When it comes to cybersecurity, Singapore is the safest country on Earth.
Or, at least, it used to be.
But in July, Singapore, which was ranked by the United Nations’ International Telecommunications Union (ITU) as home to the world’s best cybersecurity infrastructure just one month earlier, got hacked.
According to Singapore’s own Auditor-General’s Office (AGO), a string of numerous lapses were discovered throughout the city-state’s ministry and agency IT systems, including unapproved administrative changes and unauthorized third-party access.
The AGO assessment of the government’s interlinked cyber network revealed illicit inputs in a range of computerized processes, from procurement and payment to financial controls and contract management.
The findings showed that all 16 of Singapore’s government ministries, 12 statutory boards and five government-owned companies had, essentially, been hacked.
As a result of those findings, Singapore’s legislators are now scrambling to pass a new cybersecurity bill that would require all persons with access to government or major corporation computers to have a special license and be subject to legal liability for any leaks that occur under their watch.
Considering just how much Singapore depends on the internet for everything from banking to academic training, that would include a significant segment of the country’s white-collar workforce.
Singapore IT techs are also busily trying to develop new hack-proof firewalls to protect the country’s vital cyber data and sensitive information about its citizens.
The government is also tasking its ministries and agencies to monitor their information databases more closely to avoid further incidences of hacking or unauthorized access.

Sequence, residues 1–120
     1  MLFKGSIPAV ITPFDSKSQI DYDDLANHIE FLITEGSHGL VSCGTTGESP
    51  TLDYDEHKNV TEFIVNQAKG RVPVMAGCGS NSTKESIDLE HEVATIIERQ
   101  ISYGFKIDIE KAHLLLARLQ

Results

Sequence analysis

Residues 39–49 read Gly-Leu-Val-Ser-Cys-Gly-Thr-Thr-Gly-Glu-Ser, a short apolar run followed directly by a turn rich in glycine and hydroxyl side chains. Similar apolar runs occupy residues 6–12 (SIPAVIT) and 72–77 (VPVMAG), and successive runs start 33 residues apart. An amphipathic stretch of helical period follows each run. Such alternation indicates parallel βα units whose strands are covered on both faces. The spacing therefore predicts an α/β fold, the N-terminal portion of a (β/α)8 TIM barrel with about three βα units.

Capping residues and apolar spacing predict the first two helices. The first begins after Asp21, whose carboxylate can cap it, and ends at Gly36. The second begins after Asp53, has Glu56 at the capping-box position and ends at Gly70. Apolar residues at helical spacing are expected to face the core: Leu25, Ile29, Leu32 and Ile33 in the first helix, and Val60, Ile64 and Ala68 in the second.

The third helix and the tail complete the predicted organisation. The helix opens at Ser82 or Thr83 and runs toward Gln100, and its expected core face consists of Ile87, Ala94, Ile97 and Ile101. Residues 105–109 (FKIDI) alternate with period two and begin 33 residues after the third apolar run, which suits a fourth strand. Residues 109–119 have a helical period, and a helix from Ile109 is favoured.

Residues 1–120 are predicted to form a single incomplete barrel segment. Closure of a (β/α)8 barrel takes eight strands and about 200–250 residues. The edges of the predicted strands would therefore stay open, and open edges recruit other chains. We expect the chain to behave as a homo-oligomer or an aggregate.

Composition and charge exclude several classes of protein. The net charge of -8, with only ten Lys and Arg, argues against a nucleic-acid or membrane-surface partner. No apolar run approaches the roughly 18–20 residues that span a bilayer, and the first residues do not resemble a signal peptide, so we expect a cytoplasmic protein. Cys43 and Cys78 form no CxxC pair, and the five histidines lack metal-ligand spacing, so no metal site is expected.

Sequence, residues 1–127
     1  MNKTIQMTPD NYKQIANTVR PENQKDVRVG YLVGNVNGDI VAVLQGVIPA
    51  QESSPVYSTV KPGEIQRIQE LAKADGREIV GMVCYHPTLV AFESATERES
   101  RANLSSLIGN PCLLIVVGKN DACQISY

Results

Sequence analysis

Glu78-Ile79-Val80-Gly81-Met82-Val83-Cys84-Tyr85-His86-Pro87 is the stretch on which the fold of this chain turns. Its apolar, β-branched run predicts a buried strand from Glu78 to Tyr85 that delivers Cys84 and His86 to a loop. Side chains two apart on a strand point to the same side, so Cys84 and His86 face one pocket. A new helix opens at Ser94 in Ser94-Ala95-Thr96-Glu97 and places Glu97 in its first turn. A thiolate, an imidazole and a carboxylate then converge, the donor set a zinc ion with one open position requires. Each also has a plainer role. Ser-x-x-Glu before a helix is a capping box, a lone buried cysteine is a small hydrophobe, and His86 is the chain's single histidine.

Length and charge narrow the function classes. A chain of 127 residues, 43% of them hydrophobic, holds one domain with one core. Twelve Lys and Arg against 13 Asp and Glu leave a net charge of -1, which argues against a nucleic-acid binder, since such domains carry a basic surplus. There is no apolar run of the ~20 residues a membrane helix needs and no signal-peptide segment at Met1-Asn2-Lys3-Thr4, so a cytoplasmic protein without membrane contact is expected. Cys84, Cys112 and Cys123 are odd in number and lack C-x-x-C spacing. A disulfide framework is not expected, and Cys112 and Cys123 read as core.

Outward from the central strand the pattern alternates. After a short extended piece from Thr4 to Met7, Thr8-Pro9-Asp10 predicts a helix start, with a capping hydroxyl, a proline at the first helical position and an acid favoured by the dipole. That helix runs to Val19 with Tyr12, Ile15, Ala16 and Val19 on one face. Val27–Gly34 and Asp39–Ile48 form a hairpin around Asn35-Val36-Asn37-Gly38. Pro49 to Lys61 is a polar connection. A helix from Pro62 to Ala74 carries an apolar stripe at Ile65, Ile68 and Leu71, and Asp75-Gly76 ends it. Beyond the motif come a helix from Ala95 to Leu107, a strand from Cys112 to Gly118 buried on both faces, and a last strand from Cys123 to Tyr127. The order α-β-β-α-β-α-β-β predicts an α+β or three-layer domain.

But the process is not going to be easy.
In its assessment, the AGO reported that, over a three-month period, the country’s Central Provident Fund Board (CPFB), which is a compulsory national savings retirement program, a staggering 88.7 percent of database changes made by CPFB administrators were not pre-approved by appropriate authorities.
In that same office, it was revealed that at least 14 user accounts of former employees were still being used after the workers’ had ceased to be employed.
Similar examples of unauthorized database access were found across every aspect of Singapore’s government cyber activities reviewed.
“These types of violations of IT controls could compromise the confidentiality and integrity of the data in the systems, resulting in leakage of information or corruption of data used for computation of bonuses or subsidies under the schemes,” the AGO warned.
For now, the government has opted to cast its entire information operating systems back into the dark ages of the pre-internet era, ordering all national employee workstations to revert to non-cyber recording methods such as pen and paper and old-fashioned typewriters.
That is a stopgap solution, at best.
One of the world’s most technically developed nations is not going to be able to depend on manila folders and file cabinets for very long and still keep its status as a global economic and political player.
The international race to combat hacking and ensure cybersecurity is a nonstop battle.
The simple reality is that as soon as a new firewall or cybersecurity system is developed, someone, somewhere, is going to hack it.
It’s a lesson that Singapore has learned the hard way, and one that we all should heed, because, like it or not, whether you are a government entity, private business or individual, sooner or later, you will be hacked.
Thérèse Margolis can be reached at firstname.lastname@example.org.